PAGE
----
In a reverse takeover in 2010, PartyGaming Plc acquired Bwin Interactive for a reported £1.13 billion pounds (approximately $1.76 billion US). The merger created the world’s largest online gambling company that is presently trading publicly.
The merged company upon its creation was 51.6% owned by Bwin with the remaining 48.4% owned by PartyGaming. The combined sites reported net sales of €682million. Following the merger, the new business listed in London and was expected to dominate the online market for sports betting, casino and poker.
Gianmarco Bonacina, a Milan-based analyst with Equita SIM SpA stated that it was viewed as both an offensive and defensive move, pointing out that that Bwin and PartyGaming were losing their share of the European market to Pokerstars and Fulltilt. Merger meant consolidation – a defensive move. Yet the USA it was a different matter – the combined companies wanted to break into North America and the merger put them in a better position.
There has been increased pressure in recent year in the online market. EU and US governments relaxed control of online gaming sites operating outside of their own borders, leading to greater competition for lucrative domestic markets making what was once illegal legal for the purpose of regulation and taxation.
Following the announcement, shares in PartyGaming rose 20%, which was the largest rise since December 2008, closing in London at 309.5 pence at 4:30pm. Bwin also had its largest increase in many years – the biggest since March 2000 saw an 18% rise, closing in Vienna at €42 euros at 5:30.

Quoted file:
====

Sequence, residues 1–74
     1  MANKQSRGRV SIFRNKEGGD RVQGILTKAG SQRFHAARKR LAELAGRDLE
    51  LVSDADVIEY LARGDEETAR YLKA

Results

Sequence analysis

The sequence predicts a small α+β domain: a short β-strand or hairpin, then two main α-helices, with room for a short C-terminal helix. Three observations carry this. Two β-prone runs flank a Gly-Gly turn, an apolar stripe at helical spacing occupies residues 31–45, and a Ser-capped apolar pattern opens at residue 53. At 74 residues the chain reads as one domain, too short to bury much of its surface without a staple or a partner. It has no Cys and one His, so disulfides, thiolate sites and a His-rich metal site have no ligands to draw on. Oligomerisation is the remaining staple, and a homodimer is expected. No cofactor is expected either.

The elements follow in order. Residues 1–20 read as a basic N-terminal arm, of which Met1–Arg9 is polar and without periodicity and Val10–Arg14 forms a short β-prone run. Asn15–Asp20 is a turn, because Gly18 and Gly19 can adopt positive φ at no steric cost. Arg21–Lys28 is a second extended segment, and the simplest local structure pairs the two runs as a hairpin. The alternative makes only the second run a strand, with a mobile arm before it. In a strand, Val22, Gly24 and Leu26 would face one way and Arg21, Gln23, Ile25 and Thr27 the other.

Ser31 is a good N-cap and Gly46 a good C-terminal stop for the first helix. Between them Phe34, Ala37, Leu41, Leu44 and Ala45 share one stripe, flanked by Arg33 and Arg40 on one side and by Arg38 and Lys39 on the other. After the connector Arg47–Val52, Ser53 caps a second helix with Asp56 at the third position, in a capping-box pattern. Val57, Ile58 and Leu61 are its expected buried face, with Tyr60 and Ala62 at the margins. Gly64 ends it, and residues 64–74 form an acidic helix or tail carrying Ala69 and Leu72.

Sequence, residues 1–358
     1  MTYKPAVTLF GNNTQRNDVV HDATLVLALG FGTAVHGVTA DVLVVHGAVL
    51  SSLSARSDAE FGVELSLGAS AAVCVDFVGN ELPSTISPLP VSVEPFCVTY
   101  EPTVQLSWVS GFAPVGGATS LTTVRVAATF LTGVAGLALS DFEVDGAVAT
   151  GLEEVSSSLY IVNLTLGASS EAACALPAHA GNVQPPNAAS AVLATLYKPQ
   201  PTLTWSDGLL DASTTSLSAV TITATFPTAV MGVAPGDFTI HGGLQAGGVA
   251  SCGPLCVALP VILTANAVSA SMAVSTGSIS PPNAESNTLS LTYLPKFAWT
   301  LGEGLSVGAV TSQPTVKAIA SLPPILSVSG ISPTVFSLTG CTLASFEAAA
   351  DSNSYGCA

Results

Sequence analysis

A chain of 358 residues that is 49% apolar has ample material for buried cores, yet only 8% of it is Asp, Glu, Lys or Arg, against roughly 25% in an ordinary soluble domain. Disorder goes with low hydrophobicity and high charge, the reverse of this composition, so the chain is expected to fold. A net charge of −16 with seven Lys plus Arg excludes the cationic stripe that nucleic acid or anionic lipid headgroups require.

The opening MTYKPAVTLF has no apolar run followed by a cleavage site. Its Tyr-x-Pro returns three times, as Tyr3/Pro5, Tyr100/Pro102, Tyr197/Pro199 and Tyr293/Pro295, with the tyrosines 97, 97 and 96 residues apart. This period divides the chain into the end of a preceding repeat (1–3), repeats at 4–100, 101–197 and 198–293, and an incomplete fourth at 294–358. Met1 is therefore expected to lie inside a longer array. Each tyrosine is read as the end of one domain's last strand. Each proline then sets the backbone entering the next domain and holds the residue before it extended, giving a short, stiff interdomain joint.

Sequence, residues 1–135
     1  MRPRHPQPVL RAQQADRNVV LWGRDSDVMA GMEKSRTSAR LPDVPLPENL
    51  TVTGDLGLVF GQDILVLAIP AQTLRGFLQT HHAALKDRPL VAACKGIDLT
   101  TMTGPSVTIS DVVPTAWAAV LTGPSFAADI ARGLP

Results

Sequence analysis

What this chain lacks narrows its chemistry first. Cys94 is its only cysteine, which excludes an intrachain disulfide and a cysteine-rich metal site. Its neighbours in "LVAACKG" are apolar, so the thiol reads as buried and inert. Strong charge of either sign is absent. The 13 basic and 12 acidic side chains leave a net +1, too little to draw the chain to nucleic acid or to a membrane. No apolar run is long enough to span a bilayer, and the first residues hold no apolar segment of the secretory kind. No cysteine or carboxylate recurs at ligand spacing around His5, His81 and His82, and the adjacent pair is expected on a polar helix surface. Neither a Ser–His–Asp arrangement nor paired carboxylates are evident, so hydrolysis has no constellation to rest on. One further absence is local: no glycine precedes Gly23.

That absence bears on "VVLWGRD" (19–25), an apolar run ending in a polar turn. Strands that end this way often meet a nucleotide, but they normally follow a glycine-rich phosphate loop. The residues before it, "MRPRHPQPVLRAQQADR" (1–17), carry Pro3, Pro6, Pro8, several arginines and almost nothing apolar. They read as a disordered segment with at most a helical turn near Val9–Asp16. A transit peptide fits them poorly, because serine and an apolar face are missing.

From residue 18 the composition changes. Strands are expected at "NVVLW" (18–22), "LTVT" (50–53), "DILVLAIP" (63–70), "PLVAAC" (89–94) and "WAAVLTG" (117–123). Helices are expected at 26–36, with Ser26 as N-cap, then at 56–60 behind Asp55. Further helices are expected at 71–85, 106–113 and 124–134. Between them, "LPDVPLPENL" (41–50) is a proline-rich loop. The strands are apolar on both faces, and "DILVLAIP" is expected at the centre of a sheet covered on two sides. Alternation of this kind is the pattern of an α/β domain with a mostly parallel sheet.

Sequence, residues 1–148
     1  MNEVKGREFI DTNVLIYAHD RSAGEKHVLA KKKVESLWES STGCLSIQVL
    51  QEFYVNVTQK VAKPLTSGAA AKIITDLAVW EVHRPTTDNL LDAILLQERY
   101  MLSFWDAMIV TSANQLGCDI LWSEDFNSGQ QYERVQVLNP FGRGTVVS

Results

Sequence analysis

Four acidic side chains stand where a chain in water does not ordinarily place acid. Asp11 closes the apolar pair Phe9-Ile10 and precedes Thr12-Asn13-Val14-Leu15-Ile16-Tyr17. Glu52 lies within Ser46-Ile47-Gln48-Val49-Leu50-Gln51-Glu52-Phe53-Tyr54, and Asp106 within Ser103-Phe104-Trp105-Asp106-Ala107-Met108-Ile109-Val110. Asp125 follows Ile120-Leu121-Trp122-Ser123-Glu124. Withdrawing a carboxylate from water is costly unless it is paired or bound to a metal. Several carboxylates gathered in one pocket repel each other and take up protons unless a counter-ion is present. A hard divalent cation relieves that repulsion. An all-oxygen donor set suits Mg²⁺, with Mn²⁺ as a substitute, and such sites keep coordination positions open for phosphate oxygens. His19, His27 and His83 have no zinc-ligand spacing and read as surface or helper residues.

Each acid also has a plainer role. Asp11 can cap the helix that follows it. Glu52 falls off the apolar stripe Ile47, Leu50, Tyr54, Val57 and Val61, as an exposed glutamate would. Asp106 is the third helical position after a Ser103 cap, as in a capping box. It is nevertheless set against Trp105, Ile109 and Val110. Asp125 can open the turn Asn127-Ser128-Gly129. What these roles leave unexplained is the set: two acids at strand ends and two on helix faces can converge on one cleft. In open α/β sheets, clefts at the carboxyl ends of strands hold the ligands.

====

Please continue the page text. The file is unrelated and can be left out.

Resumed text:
Opening in the Market
“Offshore” gambling markets where companies provide gambling services to customers in countries where gambling is banned, reported a 10-fold expansion between 2003 and 2010 – rising to €6.5 billion. These figures were released by a consultancy firm in Manchester, England named H2 Gambling Capital.
Countries that have relaxed and revised their rules regarding online gambling include Italy, France, Spain, Denmark and Ireland in Europe, and the USA and Canada in North America.
PartyGaming CEO Jim Ryan was pleased with the merger, stating that it would make the company a leader in the markets that are set to open to them.
AS part of the merger, people who owned shares in Bwin received 12.23 PartyGaming shares for each Bwin share. The transaction cost £1.13 billion based on PartyGaming’s closing share price of 257p on the day of the merger.
The deal granted Bwin shareholders the majority stake in the new company but it also transfers all liabilities and assets of the Austrian company to PartyGaming. A joint stock company was formed of the two companies in Gibraltar, which will be a reverse takeover.
Board In Favour
Both boards unanimously pressed shareholders to vote for the deal, pointing out that the mega-merger will offer superior economies of scale from a marketing perspective with marketing known to be the largest single cost of online gambling sites.
Both Bwin and PartyGaming held shareholder meetings in the first quarter of the 2010 financial year and the merger completed shortly after. Following, the merged name of Bwin.Party registered on the London market.
Some 28.5% of PartyGaming’s share owners supported the move, the equivalent figure for Bwin was 14.4%. Chairman of Bwin’s supervisory board Hannes Androsch favoured the deal despite owning under 10% of Bwin and receiving less than 5% following the merger.
Structural Changes for Greater Profit
Bwin’s co CEOs Ryan and Norbert Teufelberger became co-CEOs of the new company. Manfred Bodner became a non-executive director. The merger expected to “significantly” enhance their revenue over the coming years and cut costs annually by approximately €55million.